If you’re new to network administration and want to find out what IP addresses are allocated to the devices connected to your network, there is a simple operating system command that will tell you everything you need to know.
By default, each device gets a network IP address by automated processes, so you don’t actually need to set up the connection or type in an address when you connect a computer, a printer, or a VoIP handset to the network. This automation is great, but sometimes you need to know those addresses. When you experience network problems, there are steps that you can take in order to investigate and solve the problem. Therefore, you are probably going to need to know the addresses of your equipment so that you can identify the device that is the cause of the problem.
The quickest, simplest tool will give you a bare list of IP addresses, but then you will need to find other tools in order to investigate further or fix problems. So, you will soon find that it is probably better to get a network administration tool to help you monitor and manage your network. As your system grows, you will have to get a network monitor in order to keep on top of the increasingly complicated network.
In this guide, you will learn about a quick way to find out the IP addresses on your network, and then you will read about some basic tools that will get that information in a more digestible format and give you options to manage addresses.
Quick list of IP addresses
In order to get a list of the IP addresses of all of the devices connected to your network. Follow these steps:
- Open a terminal window to get to the command line.
- Issue the command ipconfig and press Return. On Linux type ifconfig instead.
- Enter the command arp -a to get more information.
Analyze investigation results
The ipconfig command will return a set of results for each of the network adapters that you have set up on your computer. Those adapters that are not active will show the result, Media disconnected, so you can ignore those.
You need to look for adapter results that show IPv4 Address and Default Gateway entries.
You now have the addresses of two devices on your network. The IPv4 address is the network address of the computer that you are using, and the default gateway result is the IP address of your router.
The ARP results will give you a list of all of the allocated addresses on your network.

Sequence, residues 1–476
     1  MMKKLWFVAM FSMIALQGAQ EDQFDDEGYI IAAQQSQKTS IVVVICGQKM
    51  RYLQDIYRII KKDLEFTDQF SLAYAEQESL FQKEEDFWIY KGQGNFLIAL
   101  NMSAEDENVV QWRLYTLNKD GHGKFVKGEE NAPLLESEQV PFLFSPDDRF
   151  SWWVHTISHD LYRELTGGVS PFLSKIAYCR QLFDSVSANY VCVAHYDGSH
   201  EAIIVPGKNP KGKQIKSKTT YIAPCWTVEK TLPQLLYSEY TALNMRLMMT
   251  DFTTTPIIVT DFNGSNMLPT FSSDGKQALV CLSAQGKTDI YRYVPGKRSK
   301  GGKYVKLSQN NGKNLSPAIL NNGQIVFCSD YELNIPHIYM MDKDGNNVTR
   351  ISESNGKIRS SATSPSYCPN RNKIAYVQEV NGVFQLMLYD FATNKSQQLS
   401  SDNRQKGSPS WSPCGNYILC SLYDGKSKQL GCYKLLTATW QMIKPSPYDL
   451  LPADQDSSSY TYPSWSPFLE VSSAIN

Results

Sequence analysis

If you see several batches of results, look for the one that has the IP address that was reported as your computer’s IP address in the ipconfig results. The list of IP addresses that you see below that shows all of the other addresses that have been allocated on your network. So the complete list is all of these addresses including the address of your computer.
In the ARP results shown above, you can see four addresses that are labeled dynamic and six addresses that are categorized as static. If you have not made any intervention at all to allocate addresses manually to devices on your network, then all of the physical pieces of equipment will have dynamic addresses. The static addresses are used for administration by your router. The first address in the list is the address of your router. This should match the Default Gateway address that you saw in the ipconfig results.
In the illustrations in this section, you can see that the ipconfig and arp commands have revealed the address of the router, the address of the computer from which the commands were issued, and the network addresses of four more devices that are connected to the network.
Improved IP scan results
An IP address scanner is just going to give you more or less the same information that you got from the arp command. There are a few IP address scanner tools that can add on a little extra information and present them in a more attractive format. A good scanner tool should also allow you to save results to a file so you can compare IP address usage over time or reconcile address usage with your DNS server and DHCP server if you get to the point where these functions are managed away from the router.